FAIR Canada is opposed to regulatory changes which grant retail investors easy access to alternative funds which are traditionally complex, illiquid and higher risk. In the absence of a best interest standard, which would ensure that such funds could only be sold to investors if that sale was in the investor’s best interest, FAIR Canada does not support any measures permitting the sale of these funds to retail investors. Moreover, FAIR Canada calls on the CSA to present public research demonstrating why retail investors would benefit from being granted access to alternative funds. FAIR Canada also believes it is imperative that registrants receive specific training in alternative funds in order to ensure the registrants understand the structure, features and risks of alternatives before they can recommend the fund to a retail investor.

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January 9, 2017


The Secretary
Ontario Securities Commission
20 Queen Street West, Suite 1903, Box 55
Toronto, ON M5H 3S8
Sent via e-mail to: comments@osc.gov.on.ca

Anne-Marie Beaudoin
Corporate Secretary
Autorité des marchés financiers
800, square Victoria, 22e étage
C.P. 246, tour de la Bourse
Montréal, QB H4Z 1G3
Sent via email to: consultation-en-cours@lautorite.qc.ca

RE:     Request for Comment 

FAIR Canada is pleased to offer comments on the CSA’s Notice and Request for Comment on the Modernization of Investment Fund Product Regulation – Alternative Funds (“the Alternative Funds Proposal”).

FAIR Canada is a national charitable organization dedicated to putting investors first. As a voice for Canadian investors, FAIR Canada is committed to advocating for stronger investor protections in securities regulation. Visit faircanada.ca for more information.

1. Introduction – Need for More Information on the Alternative Funds Market in Canada

1.1. FAIR Canada is of the view that while there may be some demand for alternative funds by retail investors, this initiative is largely driven by the industry’s desire to generate more fees. These funds will be mostly sold by financial advisors rather than bought by retail investors. Accordingly, we are opposed to the new framework which would give retail investors “access” to these funds until a statutory best interest standard is implemented and advisor proficiency is increased.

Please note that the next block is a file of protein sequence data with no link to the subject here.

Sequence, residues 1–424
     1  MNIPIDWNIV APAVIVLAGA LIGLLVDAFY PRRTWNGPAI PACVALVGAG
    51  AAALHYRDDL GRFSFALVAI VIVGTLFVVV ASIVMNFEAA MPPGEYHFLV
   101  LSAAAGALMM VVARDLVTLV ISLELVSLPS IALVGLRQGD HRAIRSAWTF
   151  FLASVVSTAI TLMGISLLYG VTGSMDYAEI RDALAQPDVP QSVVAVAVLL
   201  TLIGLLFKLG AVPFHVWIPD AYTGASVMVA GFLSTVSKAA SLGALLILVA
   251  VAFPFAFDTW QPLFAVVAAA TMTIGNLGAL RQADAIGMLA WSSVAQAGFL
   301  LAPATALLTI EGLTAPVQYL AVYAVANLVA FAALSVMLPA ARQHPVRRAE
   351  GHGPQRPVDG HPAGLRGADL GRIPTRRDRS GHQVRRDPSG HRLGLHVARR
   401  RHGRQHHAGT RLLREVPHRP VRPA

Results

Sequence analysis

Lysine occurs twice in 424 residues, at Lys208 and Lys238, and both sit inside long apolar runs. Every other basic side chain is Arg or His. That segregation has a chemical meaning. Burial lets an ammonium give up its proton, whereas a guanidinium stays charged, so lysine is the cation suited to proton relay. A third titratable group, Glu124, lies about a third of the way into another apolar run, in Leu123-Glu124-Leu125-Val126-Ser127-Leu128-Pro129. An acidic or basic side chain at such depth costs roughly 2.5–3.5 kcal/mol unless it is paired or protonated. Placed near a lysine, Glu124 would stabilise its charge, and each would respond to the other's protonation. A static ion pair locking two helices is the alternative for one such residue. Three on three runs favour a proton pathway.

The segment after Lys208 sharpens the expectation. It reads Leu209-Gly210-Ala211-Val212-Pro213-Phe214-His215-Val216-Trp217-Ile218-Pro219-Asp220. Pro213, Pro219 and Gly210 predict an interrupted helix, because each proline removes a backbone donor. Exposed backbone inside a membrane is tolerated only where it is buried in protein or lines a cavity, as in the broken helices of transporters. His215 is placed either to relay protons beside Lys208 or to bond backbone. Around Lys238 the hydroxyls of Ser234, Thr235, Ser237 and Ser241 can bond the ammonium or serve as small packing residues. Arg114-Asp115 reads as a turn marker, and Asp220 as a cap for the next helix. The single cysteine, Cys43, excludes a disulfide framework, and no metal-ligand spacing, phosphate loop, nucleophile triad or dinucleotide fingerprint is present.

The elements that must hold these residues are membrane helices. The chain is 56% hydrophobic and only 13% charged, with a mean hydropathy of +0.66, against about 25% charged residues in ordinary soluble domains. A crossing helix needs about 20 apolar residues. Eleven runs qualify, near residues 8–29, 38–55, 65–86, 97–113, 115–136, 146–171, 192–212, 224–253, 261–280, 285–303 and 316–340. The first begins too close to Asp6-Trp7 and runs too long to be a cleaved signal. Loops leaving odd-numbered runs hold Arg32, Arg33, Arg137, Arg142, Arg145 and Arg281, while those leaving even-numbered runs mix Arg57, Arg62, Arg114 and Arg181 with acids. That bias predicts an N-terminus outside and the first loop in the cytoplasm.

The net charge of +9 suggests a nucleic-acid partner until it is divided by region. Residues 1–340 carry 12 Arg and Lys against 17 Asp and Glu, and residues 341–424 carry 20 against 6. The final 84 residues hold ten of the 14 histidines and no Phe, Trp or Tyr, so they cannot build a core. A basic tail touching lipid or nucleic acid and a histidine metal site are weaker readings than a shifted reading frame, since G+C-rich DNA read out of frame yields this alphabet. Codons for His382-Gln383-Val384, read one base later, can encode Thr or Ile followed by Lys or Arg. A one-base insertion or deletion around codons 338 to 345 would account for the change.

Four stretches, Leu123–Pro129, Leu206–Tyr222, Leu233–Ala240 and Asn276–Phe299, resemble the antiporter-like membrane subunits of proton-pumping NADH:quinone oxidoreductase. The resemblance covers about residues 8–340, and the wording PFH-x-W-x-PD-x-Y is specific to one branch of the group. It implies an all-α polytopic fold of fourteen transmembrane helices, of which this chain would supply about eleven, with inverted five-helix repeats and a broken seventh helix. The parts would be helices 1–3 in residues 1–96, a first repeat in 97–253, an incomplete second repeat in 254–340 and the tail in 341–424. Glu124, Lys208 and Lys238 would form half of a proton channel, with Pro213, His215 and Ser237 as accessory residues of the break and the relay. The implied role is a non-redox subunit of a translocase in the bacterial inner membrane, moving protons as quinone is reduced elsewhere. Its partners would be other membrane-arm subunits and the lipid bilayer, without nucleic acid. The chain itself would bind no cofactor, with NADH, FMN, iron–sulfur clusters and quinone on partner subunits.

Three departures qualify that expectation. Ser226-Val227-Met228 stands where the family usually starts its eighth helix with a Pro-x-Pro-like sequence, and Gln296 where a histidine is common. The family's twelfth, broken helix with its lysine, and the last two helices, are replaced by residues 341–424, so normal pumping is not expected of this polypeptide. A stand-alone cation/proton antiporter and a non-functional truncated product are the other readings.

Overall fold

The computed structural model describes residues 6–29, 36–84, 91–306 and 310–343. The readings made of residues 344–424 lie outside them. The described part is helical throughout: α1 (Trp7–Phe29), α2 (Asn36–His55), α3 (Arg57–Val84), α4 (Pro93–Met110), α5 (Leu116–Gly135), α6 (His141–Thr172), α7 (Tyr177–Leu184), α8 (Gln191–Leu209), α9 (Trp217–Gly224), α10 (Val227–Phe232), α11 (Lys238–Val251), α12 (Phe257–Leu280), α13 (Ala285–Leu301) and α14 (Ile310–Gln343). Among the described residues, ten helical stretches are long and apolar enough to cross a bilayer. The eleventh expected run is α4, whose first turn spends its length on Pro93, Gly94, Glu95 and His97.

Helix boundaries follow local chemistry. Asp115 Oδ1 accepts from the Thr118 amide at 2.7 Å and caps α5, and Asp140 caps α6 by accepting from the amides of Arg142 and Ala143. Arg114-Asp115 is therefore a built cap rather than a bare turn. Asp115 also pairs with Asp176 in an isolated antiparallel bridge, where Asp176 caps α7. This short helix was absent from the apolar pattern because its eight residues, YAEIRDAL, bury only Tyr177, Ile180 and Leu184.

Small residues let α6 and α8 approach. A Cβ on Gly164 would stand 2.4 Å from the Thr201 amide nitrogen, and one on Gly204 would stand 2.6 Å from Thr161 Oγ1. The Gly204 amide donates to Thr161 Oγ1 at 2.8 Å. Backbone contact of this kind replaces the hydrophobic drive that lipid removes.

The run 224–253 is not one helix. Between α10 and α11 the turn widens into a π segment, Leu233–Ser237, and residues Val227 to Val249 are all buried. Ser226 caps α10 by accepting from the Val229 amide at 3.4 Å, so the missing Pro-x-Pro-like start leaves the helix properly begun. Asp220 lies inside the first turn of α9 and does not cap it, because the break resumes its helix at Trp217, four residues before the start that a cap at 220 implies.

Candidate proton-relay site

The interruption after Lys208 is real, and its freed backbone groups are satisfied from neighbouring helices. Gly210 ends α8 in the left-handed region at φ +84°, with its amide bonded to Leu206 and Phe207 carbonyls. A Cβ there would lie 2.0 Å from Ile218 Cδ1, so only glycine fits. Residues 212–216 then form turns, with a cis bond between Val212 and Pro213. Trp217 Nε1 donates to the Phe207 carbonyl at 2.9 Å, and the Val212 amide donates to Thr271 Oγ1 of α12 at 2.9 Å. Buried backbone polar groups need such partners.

1.2. In addition, the Alternative Fund Proposal does not provide any evidence which demonstrates that retail investors would be better off from having “access to alternative funds. FAIR Canada therefore believes that before altering the regulatory framework for the sale of alternative funds in order to allow retail investors to  have “access” to such funds, the regulators should examine and publish findings regarding the size of the alternative funds market today, the category of investors who hold such funds and the investor experience, including investor returns (after fees) in Canada (and elsewhere).

1.3. FAIR Canada notes that alternative funds historically have used strategies that limit their liquidity and involve complex strategies. In contrast to traditional mutual funds, which are more diversified and take long-only positions in publicly traded securities, with daily liquidity, alternative funds have been considered too risky for retail investors[1] Alternative funds have been utilized by large institutional investors who do not need immediate liquidity, such as Ontario Teachers Pension Plan, and have been available to accredited investors who are supposed to have the financial ability to obtain expert advice prior to making their investment decision as well as  the ability to withstand loss.

1.4. In light of the volatility of equity markets since the 2008 financial crisis, alternative funds are supposed to be able to diversify risk in an investment portfolio by gaining exposure to non-traditional asset classes and hedging strategies that are uncorrelated to equity market returns. At the same time, however, many alternative funds have only been in existence since 2008 and therefore have a limited history in which to gauge how they will perform under market stress.[2] FAIR Canada is not aware of any Canadian data that demonstrates that such funds will help investor returns in volatile markets or otherwise. There is no evidence provided in the Consultation Document that demonstrates alternative funds will benefit retail investors. [3]

Retail Investor Concerns